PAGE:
When Mufasa gave Simba that speech about the circle of life, he maybe should have included an extra warning about becoming lion jerky for some hungry folks in the U.S. Because apparently that is a thing.
Illinois Rep. Luis Arroyo wants to make eating lions illegal in his state, and the proposal is a lot more controversial than you might think. If passed, the Lion Meat Act would make it “”unlawful for any person to slaughter a lion or for any person to possess, breed, import or export from this State, buy, or sell lions for the purpose of slaughter.” Right now, eating lion is legal nationwide.
For a ban on eating a threatened species, Arroyo’s proposal is garnering a lot of criticism — and not just from the guy who runs the weird-meat store, though he’s certainly the most annoyed. Richard Czimer of Czimer’s Game & Seafood, Inc. (mm mm lion snack sticks and bear bacon!) told National Geographic that the ban is “trying to curtail a choice.” Of Arroyo: “He’s discriminating against all my customers and everybody who wants to try something new,” said Czimer, who was only able to buy two lousy lions last year.
Czimer, who was jailed for six months in 2003 for buying and selling illegal tiger and leopard meat, is mostly but not entirely alone in his love for lion, which also enjoys a bit of market share in Arizona. Other critics of the Lion Meat Act seem to be bothered by the big-government overreach of preventing people from eating threatened species. From Take Part:
“Most people would never even conceive of eating lion meat,” said Kristina Rasmussen, vice president of the Illinois Policy Institue. “If this is a problem—and I’m not convinced that it is—surely it can be solved by civil action and community consensus and open debate. Do we have to rush in with a law, especially when we have so many other problems right in front of our face?”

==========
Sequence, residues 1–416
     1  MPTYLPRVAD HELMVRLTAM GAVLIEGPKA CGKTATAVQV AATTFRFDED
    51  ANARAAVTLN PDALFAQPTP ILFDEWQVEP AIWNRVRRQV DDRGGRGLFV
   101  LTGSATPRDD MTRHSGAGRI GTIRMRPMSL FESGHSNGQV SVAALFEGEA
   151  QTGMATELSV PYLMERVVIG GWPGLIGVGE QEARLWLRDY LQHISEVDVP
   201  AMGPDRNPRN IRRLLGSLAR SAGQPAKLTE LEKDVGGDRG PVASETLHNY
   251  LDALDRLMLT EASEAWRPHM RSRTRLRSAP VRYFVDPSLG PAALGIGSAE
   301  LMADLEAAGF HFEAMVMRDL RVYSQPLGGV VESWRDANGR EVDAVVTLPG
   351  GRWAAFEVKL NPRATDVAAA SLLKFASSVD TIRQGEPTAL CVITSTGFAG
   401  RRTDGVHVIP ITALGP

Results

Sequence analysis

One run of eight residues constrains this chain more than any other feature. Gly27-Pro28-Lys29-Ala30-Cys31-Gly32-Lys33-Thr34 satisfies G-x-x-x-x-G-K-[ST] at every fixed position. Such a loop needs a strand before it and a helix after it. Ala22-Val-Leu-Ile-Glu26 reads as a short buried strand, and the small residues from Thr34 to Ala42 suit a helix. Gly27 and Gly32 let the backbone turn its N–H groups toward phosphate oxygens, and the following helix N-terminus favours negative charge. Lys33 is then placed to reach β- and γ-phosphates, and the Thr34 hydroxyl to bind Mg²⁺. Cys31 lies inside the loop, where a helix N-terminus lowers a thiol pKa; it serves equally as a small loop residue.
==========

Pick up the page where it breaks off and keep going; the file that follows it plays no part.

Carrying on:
Yeah, ‘cuz when did laws ever make things better? More from NatGeo:
“[E]ating carnivores is mostly not a good idea,” argued Luke Hunter, president of Panthera, a U.S. based wild-cat conservation group …
For one, carnivore populations worldwide are dwindling—the African lion is listed as threatened by the International Union for Conservation of Nature, and is endangered in certain West African countries.
Though wild lions aren’t killed for food, there’s concern that weak or poorly regulated laws regarding the ownership, breeding, and trade of captive big cats in the U.S.—in particular tigers—could fuel the black market for big-cat parts, Will Gartshore, senior program officer for U.S. Government Relations at WWF, said in an email.
So, sorry: Legal or not, big cats aren’t the best burger choice. But if you’re interested in some other adventurous meat-eating, BuyExoticMeats.com is currently having a sale on its “Exotic Meat Club” monthly package. October is the “Manager’s Special”! Yum, cross your fingers for some big cats!
If you were skeeved out by the idea of horse meat — which is harder to get in the U.S. than lion — do not click on that link. And if you care about the environment, or still have a special place in your heart for baby Simba (who doesn’t?), might I recommend a black bean patty, or an invasive species?
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